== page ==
I had this brilliant idea to rewrite the lyrics to the beloved anthem from Rent, “Seasons of Love.” If there is a single person out there that can’t sing along, please give your gay card back and, if you’re not gay, move on to the Broadway section of your homosexualization education program. For everyone else, sing along:

    “Five hundred, twenty-five thousand, six hundred minutes, how do you measure the year in a life?”

    So, I got out my calculator to adjust to 35 years. Now, sing along:

    “Eighteen million, three hundred ninety-six thousand minutes, how do you measure thirty-five years of a life?”

    OK, that part doesn’t work. But it keeps going.

    “It’s time now to sing out

    Though the story never ends.
    Let’s celebrate and remember 35 years in the life of a friend

    Measure in love.”

    My time here has absolutely been measured in love. You have allowed me to be me … a proud HIV+ gay man. Very gay. You have supported the chorus, its music, and its mission for 44 glorious years. I felt that tsunami of support the moment I stepped in front of the chorus and when, together, we stepped on the stage at Davies. The ovations have been overwhelming at times and I will carry the memory of every single one of them. None were more palpable than this past December when the curtain opened after almost two years and the singers removed their masks. While the pandemic was not over at that point, we knew we had survived our 2nd pandemic.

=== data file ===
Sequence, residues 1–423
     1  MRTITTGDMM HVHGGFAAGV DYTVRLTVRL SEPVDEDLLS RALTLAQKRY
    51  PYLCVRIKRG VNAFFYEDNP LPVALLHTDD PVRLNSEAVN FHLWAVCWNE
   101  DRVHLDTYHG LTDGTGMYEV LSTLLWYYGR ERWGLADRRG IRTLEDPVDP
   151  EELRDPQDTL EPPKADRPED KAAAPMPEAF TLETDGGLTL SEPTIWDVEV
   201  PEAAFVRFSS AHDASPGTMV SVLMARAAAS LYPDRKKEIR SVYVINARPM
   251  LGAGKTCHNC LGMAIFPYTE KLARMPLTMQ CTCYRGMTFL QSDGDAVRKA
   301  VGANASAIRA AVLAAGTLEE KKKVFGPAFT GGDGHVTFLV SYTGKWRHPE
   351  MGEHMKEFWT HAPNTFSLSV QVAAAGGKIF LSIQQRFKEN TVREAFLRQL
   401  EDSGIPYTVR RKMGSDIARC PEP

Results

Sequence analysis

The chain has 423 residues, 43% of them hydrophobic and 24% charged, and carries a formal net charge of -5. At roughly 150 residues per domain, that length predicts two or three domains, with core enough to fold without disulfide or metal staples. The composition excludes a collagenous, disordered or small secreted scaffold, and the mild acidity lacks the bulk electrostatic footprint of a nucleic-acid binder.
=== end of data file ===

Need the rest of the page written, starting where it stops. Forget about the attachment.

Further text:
In just a few weeks, an amazing new conductor, Jake Stensberg, will begin what will no doubt be an amazing next chapter in the very long book titled SFGMC. He’ll turn the first page of the chapter titled “Jake.” I’ll write my last page of the “Tim” chapter.

    My first concert with SFGMC in April 2011 was titled Words. We are repeating some of the pieces from that night and many favorites performed since then. In a couple of weeks, 11 ½ years later, we present the bookend, Final Words. Every piece on the program holds deep meaning for me and the singers.